Binomial Theorem

There are several closely related results that are variously known as the binomial theorem depending on the source. Even more confusingly a number of these (and other) related results are variously known as the binomial formula, binomial expansion, and binomial identity, and the identity itself is sometimes simply called the "binomial series" rather than "binomial theorem."

The most general case of the binomial theorem is the binomial series identity

 (x+a)^nu=sum_(k=0)^infty(nu; k)x^ka^(nu-k),

where (nu; k) is a binomial coefficient and nu is a real number. This series converges for nu>=0 an integer, or |x/a|<1. This general form is what Graham et al. (1994, p. 162). Arfken (1985, p. 307) calls the special case of this formula with a=1 the binomial theorem.

When nu is a positive integer n, the series terminates at n=nu and can be written in the form

 (x+a)^n=sum_(k=0)^n(n; k)x^ka^(n-k).

This form of the identity is called the binomial theorem by Abramowitz and Stegun (1972, p. 10).

The differing terminologies are summarized in the following table.

"binomial theorem"source
(x+a)^nu=sum_(k=0)^(infty)(nu; k)x^ka^(nu-k)Graham et al. (1994, p. 162)
(x+1)^nu=sum_(k=0)^(infty)(nu; k)x^kArfken (1985, p. 307)
(x+a)^n=sum_(k=0)^(n)(n; k)x^ka^(n-k)Abramowitz and Stegun (1972, p. 10)

The binomial theorem was known for the case n=2 by Euclid around 300 BC, and stated in its modern form by Pascal in a posthumous pamphlet published in 1665. Pascal's pamphlet, together with his correspondence on the subject with Fermat beginning in 1654 (and published in 1679) is the basis for naming the arithmetical triangle in his honor.

Newton (1676) showed the formula also holds for negative integers -n,

 (x+a)^(-n)=sum_(k=0)^infty(-n; k)x^ka^(-n-k),

which is the so-called negative binomial series and converges for |x|<a.

In fact, the generalization

 (1+z)^a=sum_(k=0)^infty(a; k)z^k

holds for all complex z with |z|<1.

Among his many other talents, Major General Stanley in Gilbert and Sullivan's operetta the Pirates of Penzance impresses the pirates with his knowledge of the binomial theorem in "The Major General's Song" as follows: "I am the very model of a modern Major-General, I've information vegetable, animal, and mineral, I know the kings of England, and I quote the fights historical, From Marathon to Waterloo, in order categorical; I'm very well acquainted too with matters mathematical, I understand equations, both the simple and quadratical, About binomial theorem I'm teeming with a lot o' news-- With many cheerful facts about the square of the hypotenuse."

See also

Abel's Binomial Theorem, Binomial, Binomial Coefficient, Binomial Identity, Binomial Series, Cauchy Binomial Theorem, Chu-Vandermonde Identity, Logarithmic Binomial Theorem, Negative Binomial Series, q-Binomial Theorem, Random Walk Explore this topic in the MathWorld classroom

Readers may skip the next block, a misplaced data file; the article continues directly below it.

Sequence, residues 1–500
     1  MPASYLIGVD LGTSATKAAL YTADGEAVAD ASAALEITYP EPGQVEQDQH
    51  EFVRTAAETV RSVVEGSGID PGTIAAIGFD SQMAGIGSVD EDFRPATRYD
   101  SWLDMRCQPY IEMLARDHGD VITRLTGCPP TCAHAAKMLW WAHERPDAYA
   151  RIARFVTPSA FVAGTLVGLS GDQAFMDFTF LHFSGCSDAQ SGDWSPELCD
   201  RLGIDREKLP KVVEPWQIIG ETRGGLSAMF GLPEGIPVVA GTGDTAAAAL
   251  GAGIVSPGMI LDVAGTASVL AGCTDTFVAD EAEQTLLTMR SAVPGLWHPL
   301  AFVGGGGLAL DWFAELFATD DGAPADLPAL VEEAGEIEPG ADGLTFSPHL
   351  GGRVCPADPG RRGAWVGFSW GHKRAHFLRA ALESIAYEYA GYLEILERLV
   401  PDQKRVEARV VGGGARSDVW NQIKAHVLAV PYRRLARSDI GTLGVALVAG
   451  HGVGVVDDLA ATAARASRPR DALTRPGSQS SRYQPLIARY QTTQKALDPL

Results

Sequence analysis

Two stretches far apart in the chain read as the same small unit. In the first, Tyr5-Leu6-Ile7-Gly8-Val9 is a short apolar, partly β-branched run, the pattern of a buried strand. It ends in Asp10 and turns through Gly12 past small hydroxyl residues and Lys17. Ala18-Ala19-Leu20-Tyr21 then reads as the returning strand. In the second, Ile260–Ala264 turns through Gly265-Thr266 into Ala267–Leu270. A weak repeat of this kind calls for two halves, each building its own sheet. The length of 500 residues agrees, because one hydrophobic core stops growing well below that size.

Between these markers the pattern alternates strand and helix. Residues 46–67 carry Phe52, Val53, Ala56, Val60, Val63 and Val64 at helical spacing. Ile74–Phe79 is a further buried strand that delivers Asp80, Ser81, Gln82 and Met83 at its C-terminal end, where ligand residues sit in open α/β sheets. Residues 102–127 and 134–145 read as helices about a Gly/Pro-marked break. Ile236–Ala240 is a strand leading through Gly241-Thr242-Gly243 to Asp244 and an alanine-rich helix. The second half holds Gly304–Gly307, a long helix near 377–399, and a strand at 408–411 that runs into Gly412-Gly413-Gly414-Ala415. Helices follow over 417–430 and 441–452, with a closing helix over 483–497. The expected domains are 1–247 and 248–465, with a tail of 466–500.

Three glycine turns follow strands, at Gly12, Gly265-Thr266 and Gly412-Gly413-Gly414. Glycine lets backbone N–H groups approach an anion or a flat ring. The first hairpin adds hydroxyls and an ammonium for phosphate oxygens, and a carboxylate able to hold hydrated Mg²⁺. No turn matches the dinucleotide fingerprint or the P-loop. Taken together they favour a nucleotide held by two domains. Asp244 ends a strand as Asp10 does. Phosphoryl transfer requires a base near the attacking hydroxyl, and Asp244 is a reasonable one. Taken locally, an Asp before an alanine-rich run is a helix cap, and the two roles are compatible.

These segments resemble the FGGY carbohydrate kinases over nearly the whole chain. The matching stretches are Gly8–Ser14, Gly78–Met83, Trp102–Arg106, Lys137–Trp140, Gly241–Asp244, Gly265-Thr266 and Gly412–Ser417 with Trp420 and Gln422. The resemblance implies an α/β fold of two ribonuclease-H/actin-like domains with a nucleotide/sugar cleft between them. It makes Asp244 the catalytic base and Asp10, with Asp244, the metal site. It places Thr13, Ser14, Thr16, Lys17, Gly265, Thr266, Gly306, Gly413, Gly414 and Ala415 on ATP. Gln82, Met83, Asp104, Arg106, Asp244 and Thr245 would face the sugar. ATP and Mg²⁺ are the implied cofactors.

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Abramowitz, M. and Stegun, I. A. (Eds.). Handbook of Mathematical Functions with Formulas, Graphs, and Mathematical Tables, 9th printing. New York: Dover, 1972.Arfken, G. Mathematical Methods for Physicists, 3rd ed. Orlando, FL: Academic Press, pp. 307-308, 1985.Boros, G. and Moll, V. "The Binomial Theorem." §1.4 in Irresistible Integrals: Symbolics, Analysis and Experiments in the Evaluation of Integrals. Cambridge, England: Cambridge University Press, pp. 10-16, 2004.Boyer, C. B. and Merzbach, U. C. "The Binomial Theorem." A History of Mathematics, 2nd ed. New York: Wiley, pp. 393-394, 1991.Conway, J. H. and Guy, R. K. "Choice Numbers Are Binomial Coefficients." In The Book of Numbers. New York: Springer-Verlag, pp. 72-74, 1996.Coolidge, J. L. "The Story of the Binomial Theorem." Amer. Math. Monthly 56, 147-157, 1949.Courant, R. and Robbins, H. "The Binomial Theorem." §1.6 in What Is Mathematics?: An Elementary Approach to Ideas and Methods, 2nd ed. Oxford, England: Oxford University Press, pp. 16-18, 1996.Graham, R. L.; Knuth, D. E.; and Patashnik, O. Concrete Mathematics: A Foundation for Computer Science, 2nd ed. Reading, MA: Addison-Wesley, 1994.Pascal, B. Traité du Triangle Arithmétique, avec quelques autres petits traitez sur la mesme matière. Paris: Guillaume Desprez, 1665., E. T. and Robinson, G. "The Binomial Theorem." §10 in The Calculus of Observations: A Treatise on Numerical Mathematics, 4th ed. New York: Dover, pp. 15-19, 1967.Zwillinger, D. (Ed.). CRC Standard Mathematical Tables and Formulae, 30th ed. Boca Raton, FL: CRC Press, p. 35, 1996.

Cite this as:

Weisstein, Eric W. "Binomial Theorem." From MathWorld--A Wolfram Web Resource.

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